HOUSTON - A judge Friday denied the change of venue request for former Harris County Deputy Chauna Thompson and her husband who had said they can’t get a fair trial in Harris County because of extensive pretrial publicity that followed the death of John Hernandez.
Judge Kelli Johnson, of the 178th District Court, issued her decision Friday morning.
- Ex-deputy, husband accused in John Hernandez's death want trial moved…
- John Hernandez death case: Timeline of events
- Hearing set for Friday in wrongful death suit in John Hernandez case
- Chauna Thompson, deputy terminated in wake of Denny's choking death,…
- Chauna Thompson terminated by Harris Co. Sheriff's Office in wake of…
- Thompsons head to court day after Hernandez family files lawsuit
- Family, friends lay Hernandez to rest, vow 'Justice for John'
- Deputy involved in deadly Denny's confrontation placed on leave
- Retired federal agent explains what led to fast indictment in case of…
- Deputy Chauna Thompson, husband Terry out of jail on bond
- Protesters gather as deputy, her husband head to court in Hernandez…
- Attorney: Video shows 'illegal chokehold' used by deputy's husband on man
Johnson said based on the previous hearing she found no evidence of a dangerous combination against the defendants that would prevent them from having a fair trial in Harris County.
Chauna and Terry Thompson did not say anything as they were escorted out of the courtroom by deputy constables.
The trial is set to begin May 18.
Chauna and Terry Thompson are charged with murder in the death of John Hernandez at a Denny’s in Crosby last May.
Hernandez allegedly swung at Terry Thompson, who then held him in a chokehold while Chauna Thompson helped hold him down.
Hernandez died a few days later.
Hernandez was originally charged with assault after the fight, but the Thompsons were later charged with murder after a bystander’s video of the fight surfaced and went viral.
The Thompsons' attorneys contend that frequent airing of that video on television and the internet tainted the jury pool. They also said pretrial publicity pressured the district attorney and the sheriff to rush the investigation that resulted in the grand jury indictments of the Thompsons.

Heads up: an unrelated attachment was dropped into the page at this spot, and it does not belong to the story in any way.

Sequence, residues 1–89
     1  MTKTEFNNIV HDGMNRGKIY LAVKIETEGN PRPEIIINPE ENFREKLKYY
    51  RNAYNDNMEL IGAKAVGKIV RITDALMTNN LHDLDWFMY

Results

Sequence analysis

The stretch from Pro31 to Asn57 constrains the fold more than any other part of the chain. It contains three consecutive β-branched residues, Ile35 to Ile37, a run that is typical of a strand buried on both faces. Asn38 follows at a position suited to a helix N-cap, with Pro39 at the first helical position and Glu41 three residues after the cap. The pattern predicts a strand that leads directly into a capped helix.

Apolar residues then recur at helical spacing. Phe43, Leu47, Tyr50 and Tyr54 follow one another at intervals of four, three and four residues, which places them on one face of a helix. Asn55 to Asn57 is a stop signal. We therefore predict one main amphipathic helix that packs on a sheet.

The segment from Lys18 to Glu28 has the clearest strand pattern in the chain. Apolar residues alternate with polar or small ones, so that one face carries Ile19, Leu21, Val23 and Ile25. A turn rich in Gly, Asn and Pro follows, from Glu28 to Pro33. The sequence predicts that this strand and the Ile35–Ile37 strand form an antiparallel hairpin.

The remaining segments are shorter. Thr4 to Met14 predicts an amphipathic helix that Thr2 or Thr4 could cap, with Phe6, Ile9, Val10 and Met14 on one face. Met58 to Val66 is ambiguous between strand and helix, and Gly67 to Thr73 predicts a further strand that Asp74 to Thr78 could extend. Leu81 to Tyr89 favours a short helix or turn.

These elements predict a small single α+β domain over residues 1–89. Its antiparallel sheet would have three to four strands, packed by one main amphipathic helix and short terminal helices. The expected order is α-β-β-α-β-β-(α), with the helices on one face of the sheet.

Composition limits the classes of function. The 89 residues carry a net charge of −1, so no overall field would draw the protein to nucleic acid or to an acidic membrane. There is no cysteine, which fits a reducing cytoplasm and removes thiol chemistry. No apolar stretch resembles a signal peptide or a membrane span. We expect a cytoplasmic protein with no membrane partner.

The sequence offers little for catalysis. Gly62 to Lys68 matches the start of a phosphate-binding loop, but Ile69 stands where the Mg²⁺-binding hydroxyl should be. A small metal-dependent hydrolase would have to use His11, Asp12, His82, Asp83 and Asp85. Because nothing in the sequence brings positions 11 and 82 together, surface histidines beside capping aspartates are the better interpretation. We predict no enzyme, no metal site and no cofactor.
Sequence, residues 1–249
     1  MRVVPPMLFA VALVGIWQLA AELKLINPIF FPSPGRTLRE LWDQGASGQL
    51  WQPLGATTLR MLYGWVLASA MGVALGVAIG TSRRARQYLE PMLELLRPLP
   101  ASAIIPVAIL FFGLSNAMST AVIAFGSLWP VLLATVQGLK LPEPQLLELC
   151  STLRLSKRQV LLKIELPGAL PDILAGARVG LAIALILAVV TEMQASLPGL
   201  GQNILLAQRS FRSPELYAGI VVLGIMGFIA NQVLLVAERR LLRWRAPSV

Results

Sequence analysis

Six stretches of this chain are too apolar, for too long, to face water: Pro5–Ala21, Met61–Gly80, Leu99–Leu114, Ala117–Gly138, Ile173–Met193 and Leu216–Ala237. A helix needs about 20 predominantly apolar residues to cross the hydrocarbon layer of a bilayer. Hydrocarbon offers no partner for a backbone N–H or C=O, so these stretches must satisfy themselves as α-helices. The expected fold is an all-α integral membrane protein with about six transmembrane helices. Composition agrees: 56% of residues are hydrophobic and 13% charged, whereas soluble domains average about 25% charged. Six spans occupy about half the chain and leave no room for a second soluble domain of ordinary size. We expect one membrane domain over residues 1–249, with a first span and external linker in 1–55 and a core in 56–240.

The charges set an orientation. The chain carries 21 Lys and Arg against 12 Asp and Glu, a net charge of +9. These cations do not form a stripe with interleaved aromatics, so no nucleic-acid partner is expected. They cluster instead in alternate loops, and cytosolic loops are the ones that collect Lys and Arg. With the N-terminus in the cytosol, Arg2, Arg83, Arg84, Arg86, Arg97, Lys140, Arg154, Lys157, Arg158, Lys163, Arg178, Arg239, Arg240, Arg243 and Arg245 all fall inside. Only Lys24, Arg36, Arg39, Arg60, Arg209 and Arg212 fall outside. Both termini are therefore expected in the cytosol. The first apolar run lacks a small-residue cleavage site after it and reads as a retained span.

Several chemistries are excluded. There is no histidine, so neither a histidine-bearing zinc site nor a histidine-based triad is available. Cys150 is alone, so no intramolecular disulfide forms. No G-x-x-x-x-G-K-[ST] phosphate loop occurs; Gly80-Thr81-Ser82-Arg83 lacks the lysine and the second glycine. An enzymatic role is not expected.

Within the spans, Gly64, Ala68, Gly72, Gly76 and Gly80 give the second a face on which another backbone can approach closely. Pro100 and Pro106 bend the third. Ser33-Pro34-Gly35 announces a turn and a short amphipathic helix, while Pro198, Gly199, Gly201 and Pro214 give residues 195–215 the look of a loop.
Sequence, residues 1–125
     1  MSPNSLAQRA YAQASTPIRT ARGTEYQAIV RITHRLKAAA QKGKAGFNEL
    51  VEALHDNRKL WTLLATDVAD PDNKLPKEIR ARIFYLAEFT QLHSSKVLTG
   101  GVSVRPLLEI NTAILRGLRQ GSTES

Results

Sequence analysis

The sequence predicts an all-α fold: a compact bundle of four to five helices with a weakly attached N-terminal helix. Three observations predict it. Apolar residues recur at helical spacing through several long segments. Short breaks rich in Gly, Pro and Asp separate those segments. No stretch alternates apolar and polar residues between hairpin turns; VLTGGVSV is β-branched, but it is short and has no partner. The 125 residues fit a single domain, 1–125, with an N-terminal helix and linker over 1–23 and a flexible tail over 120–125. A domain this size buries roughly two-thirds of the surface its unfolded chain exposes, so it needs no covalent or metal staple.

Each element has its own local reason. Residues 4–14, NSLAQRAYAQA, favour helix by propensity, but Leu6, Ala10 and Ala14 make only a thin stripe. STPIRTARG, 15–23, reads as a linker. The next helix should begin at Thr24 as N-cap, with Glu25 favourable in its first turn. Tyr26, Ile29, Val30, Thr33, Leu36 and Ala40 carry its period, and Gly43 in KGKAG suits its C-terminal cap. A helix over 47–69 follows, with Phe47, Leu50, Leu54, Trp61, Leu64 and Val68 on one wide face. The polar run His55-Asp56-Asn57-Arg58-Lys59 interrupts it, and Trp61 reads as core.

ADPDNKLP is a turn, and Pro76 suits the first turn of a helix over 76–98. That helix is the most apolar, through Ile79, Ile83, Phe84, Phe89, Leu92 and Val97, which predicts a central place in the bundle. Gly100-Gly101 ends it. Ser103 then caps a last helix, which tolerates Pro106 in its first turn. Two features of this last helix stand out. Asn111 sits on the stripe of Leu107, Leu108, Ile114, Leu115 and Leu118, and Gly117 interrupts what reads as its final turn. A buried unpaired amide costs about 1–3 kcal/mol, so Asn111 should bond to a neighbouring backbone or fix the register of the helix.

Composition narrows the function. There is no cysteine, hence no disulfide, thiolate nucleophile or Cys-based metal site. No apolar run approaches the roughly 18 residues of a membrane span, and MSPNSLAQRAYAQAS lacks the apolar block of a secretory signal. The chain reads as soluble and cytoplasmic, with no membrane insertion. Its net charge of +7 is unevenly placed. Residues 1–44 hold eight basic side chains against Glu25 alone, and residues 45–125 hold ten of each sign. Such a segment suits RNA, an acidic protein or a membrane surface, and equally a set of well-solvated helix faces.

Prosecutors denied those allegations in court Tuesday.
“There wasn't a rush to put this before a grand jury at all. The state was just preserving testimony with the grand jury. The state was really trying to just essentially get the case moving forward as it should,” Assistant District Attorney Scott Durfee said.
The defense put the district attorney’s communications director, Dane Schiller, on the stand to question him about advisories that were posted on the district attorney’s Facebook page concerning the progress of the investigation into Hernandez's death.
Defense attorneys said there were seven references to the investigation posted between May 28, 2017, and June 16, 2017. Some included links to news stories that were printed or broadcast on Channel 2 News, The New York Times, The Huffington Post and the Houston Chronicle.
On the stand, Schiller said the district attorney’s staff didn't vet the stories for accuracy.
Chauna Thompson’s attorney, Greg Cagle, alleged that the stories provided an incomplete picture of the incident and investigation, and that posting them on the district attorney’s Facebook page could have been seen as endorsing the report's credibility.
Schiller denied that. He said the links were included to provide information.
"It’s definitely not an endorsement, one way or another” Schiller said.
“We’re just saying here’s some information professionally gathered. It’s that level. It’s not some garbage from the internet. The pros have looked at it. If you want to see it, click,” Schiller said following his testimony.
Durfee countered the argument that the Thompsons can’t get a fair trial in Harris County because of the extensive coverage, saying that the county has a potential jury pool of over 4 million people available, and that finding 12 unbiased jurors for a trial shouldn’t be difficult.
He cited a similar Supreme Court decision in the case of Enron CEO Jeff Skilling.
John Hernandez’s father and family sat in the courtroom throughout the hearing Tuesday and earlier on Monday.
Beneficio Hernandez said the family wanted to be there to represent his son, who can no longer represent himself. The elder Hernandez said it doesn't matter to him or his family where the trial is held. Whenever it is, the family will be there.
Both the state and defense wrapped up their arguments and rested Tuesday.
Copyright 2018 by KPRC Click2Houston - All rights reserved.